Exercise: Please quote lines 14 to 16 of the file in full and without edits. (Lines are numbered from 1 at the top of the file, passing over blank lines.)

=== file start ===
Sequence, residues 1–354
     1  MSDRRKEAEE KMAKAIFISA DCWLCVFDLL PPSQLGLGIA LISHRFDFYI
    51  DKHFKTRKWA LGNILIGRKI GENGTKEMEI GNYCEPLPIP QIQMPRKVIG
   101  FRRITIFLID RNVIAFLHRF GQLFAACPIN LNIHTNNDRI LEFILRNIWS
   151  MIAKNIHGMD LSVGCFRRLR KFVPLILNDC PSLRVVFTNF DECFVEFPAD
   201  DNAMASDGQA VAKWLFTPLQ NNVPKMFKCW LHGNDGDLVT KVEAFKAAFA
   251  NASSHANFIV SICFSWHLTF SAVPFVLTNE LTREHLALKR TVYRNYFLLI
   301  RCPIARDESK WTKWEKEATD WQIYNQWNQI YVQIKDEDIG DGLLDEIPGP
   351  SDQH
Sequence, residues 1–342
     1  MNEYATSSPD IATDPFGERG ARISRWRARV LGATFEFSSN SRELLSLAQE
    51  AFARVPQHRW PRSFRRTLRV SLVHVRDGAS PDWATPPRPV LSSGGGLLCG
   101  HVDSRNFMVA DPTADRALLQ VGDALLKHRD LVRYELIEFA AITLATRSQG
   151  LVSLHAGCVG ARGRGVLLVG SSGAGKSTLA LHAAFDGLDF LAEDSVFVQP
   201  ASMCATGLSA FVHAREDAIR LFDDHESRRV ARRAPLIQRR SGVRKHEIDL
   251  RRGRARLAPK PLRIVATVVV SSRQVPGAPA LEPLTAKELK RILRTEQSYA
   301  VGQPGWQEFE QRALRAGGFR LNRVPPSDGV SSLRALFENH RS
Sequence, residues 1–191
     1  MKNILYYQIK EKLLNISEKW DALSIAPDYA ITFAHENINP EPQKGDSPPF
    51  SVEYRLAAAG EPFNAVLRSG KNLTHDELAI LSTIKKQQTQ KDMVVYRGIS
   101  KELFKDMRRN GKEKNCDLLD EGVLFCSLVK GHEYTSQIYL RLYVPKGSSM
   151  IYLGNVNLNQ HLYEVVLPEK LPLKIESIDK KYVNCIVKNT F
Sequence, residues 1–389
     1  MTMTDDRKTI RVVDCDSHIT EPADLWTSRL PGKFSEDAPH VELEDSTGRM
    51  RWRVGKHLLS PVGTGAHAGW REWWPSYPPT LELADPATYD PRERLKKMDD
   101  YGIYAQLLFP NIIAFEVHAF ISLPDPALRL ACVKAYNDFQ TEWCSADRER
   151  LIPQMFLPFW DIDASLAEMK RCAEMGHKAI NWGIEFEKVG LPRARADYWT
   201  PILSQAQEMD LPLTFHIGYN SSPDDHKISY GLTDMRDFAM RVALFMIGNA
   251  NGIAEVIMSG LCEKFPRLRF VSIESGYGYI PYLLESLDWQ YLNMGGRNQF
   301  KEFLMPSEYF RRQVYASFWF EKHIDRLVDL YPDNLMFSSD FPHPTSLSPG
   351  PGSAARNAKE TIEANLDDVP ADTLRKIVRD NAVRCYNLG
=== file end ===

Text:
   151  LVSLHAGCVG ARGRGVLLVG SSGAGKSTLA LHAAFDGLDF LAEDSVFVQP
   201  ASMCATGLSA FVHAREDAIR LFDDHESRRV ARRAPLIQRR SGVRKHEIDL
   251  RRGRARLAPK PLRIVATVVV SSRQVPGAPA LEPLTAKELK RILRTEQSYA